Aardvark Raises $29M, Planning Phase 2 Trial of ARD-101 in Treating PWS

Marisa Wexler MS avatar

by Marisa Wexler MS |

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Aardvark Therapeutics has raised $29 million in financing to help support three planned Phase 2 clinical trials of its lead compound, ARD-101, an investigational therapy for Prader-Willi syndrome (PWS) and other disorders.

Financing was led by Sorrento Therapeutics, with participation from other investors and support from the Foundation for Prader-Willi Research (FPWR).

“The Foundation for Prader Willi Research is excited to partner with Aardvark to launch their Phase 2 trial in Prader Willi Syndrome (PWS) later this year,” John Walter, CEO of the FPWR, said in a press release.

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“Given the spectrum nature of PWS there is recognition that we will need multiple therapies to address the hallmark symptoms of the disorder,” Walter added. “Aardvark’s ARD-101 targets multiple pathways potentially relevant to PWS and has the potential of improving the lives of those suffering from PWS and those who care for them.”

ARD-101 is an oral small molecule that works by activating bitter taste receptors. As the name suggests, these receptors are found in the mouth and are important for recognizing bitter tastes. But these receptors also exist in the gut, where they help to identify and respond to potential toxins.

By activating bitter taste receptors in the gut, ARD-101 aims to prompt the body to release peptide hormones that could have therapeutic effects.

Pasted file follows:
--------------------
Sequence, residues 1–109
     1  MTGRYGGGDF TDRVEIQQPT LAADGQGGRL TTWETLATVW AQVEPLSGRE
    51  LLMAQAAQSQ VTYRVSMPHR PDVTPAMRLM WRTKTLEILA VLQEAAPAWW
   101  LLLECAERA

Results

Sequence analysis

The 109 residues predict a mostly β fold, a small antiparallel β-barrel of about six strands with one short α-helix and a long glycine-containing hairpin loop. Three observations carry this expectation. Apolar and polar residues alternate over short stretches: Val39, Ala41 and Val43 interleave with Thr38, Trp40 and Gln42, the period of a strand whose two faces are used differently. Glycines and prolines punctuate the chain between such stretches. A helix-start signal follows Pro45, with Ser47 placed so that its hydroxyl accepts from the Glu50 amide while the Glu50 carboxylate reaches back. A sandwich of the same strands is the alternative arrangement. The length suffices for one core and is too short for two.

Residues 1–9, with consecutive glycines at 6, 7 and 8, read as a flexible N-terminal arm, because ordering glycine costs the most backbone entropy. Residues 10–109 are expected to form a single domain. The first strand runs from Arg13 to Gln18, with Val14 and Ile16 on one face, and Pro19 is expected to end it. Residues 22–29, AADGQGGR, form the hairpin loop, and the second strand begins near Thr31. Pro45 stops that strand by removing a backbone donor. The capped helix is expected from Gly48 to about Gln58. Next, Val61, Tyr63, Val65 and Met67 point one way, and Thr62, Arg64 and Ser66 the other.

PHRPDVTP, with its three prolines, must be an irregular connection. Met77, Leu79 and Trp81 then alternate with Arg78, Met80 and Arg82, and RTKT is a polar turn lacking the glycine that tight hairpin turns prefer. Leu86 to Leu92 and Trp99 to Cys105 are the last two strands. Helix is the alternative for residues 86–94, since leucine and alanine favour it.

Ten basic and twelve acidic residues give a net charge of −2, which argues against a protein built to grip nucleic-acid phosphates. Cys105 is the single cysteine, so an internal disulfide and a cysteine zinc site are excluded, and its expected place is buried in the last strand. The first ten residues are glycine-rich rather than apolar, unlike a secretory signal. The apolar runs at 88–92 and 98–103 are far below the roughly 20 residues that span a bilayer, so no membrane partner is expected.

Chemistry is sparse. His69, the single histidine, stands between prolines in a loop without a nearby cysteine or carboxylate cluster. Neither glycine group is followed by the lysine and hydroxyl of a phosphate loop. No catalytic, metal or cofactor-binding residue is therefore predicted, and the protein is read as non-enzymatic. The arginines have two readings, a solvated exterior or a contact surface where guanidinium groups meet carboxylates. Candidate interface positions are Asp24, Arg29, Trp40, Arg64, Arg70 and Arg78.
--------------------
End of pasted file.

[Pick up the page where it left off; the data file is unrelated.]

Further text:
Phase 1 trials of ARD-101 showed safety in healthy volunteers, Aardvark reported, and beneficial effects were seen in animal models of obesity, diabetes, inflammation, hyperlipidemia (high fat levels), and hyperphagia (excessive eating) — a hallmark symptom of PWS.

“We believe our lead compound, ARD-101, is differentiated from existing standard-of-care drugs in both its anticipated safety profile as well as its potential broad spectrum of effects. It is a first-in-class compound that impacts metabolic and inflammatory mediators,” said Tien Lee, MD, CEO of Aardvark.

“Our postulated drug mechanism of action [for ARD-101] indicates a potential for regulating appetite, metabolism, and inflammation,” Dvorit Samid, PhD, the company’s head of medical affairs, said in a June interview. “We look forward to evaluating ARD-101’s therapeutic potential in several Phase 2 clinical trials, including a Prader-Willi syndrome trial later this year.”

In addition to advancing clinical trials into ARD-101, Aardvark will also use money raised in its Series B financing round to potentially develop new formulations of the treatment for various disorders, the company said.